Eosinophilic Granuloma Complex in Cats

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Overview of Feline Eosinophilic Granuloma Complex 

The term eosinophilic granuloma complex (EGC) refers to a group of skin lesions that represent an allergic reaction in the cat’s skin. These occur in three forms, and your cat may have any or all of them. These forms include:

  • Eosinophilic granulomas. These nodules are raised, yellow or pink in color, and usually are not itchy. They occur on the back of the rear legs, in and around the mouth and on the face and are most common in adolescent kittens.
  • Eosinophilic plaque. These patches look like a raised, round red lesions that may be ulcerated. They are usually itchy and are most commonly found on the belly, inner thigh or throat.
  • Indolent ulcer. Erosions on the margin of the upper lip and sometimes on the tongue are red in color and glistening in appearance. They may be painful and may affect the cat’s willingness to eat.

    On microscopic examination of skin biopsy specimens, all of these forms of the disease are characterized by accumulation of large numbers of eosinophils, a type of white blood cell found in allergic and parasitic inflammatory disorders.

    A common cause is thought to be flea allergy, but atopy, a form of allergy triggered by inhaled environmental allergens such as pollens and dust, and food allergies also can cause EGC lesions in cats. An allergic response to mosquitoes is also suspected.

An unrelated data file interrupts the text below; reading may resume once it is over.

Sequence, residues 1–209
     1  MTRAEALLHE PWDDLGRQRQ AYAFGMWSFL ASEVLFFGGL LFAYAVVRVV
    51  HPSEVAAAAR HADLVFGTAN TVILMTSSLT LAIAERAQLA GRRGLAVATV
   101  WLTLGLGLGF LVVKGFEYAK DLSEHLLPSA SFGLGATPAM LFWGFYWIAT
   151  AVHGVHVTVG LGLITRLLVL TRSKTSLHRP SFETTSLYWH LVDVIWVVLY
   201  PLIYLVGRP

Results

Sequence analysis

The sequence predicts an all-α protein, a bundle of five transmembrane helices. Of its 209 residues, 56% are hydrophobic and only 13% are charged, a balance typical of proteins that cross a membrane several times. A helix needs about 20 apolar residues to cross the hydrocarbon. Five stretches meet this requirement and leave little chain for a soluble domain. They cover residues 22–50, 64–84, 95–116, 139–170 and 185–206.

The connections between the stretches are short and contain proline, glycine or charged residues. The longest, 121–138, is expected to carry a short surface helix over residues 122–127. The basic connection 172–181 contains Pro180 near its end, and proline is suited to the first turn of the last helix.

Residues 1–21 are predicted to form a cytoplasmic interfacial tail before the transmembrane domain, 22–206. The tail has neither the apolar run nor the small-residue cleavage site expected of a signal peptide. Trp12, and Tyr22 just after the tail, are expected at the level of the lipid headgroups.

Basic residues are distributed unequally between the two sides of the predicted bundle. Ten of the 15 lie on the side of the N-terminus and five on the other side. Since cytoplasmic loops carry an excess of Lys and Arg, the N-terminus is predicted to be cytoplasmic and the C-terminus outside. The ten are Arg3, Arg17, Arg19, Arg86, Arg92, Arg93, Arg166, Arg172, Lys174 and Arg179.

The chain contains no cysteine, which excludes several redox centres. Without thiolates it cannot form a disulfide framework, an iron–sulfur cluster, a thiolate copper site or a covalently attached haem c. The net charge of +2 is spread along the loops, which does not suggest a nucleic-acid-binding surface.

Female cats may be more likely to be affected than male cats, but only rarely is it found in dogs, such as Siberian huskies.

    Diagnosis of Eosinophilic Granuloma Complex in Cats

    Diagnostic tests may be needed to diagnose eosinophilic granuloma complex and assess the extent of the disorder and its effects on the cat. Often, a presumptive diagnosis is made based on the clinical appearance of the lesions and their response to treatment. Tests may include:

  • A complete medical history and physical examination. Physical examination is very important because of the distinctive clinical appearance of the lesions.
  • A complete blood count (CBC or hemogram) to evaluate for anemia, infection, inflammation and circulating eosinophils
  • Skin biopsy to rule out other causes of lesions with a similar appearance – most notably skin cancers such as squamous cell carcinoma or cutaneous lymphosarcoma. The results of the skin biopsy will confirm the diagnosis of eosinophilic granuloma complex.
  • Treatment of Eosinophilic Granuloma Complex in Cats

    Treatment for eosinophilic granuloma complex may include one or more of the following:

  • Corticosteroids. Cortisone-like drugs are used most commonly to treat cats with suspected eosinophilic granuloma complex. Unlike other feline skin reactions such as miliary dermatitis, the lesions of eosinophilic granuloma complex rarely respond to removal of the allergen alone. The anti-inflammatory effects of corticosteroid drugs such as prednisone and methylprednisolone acetate are usually needed.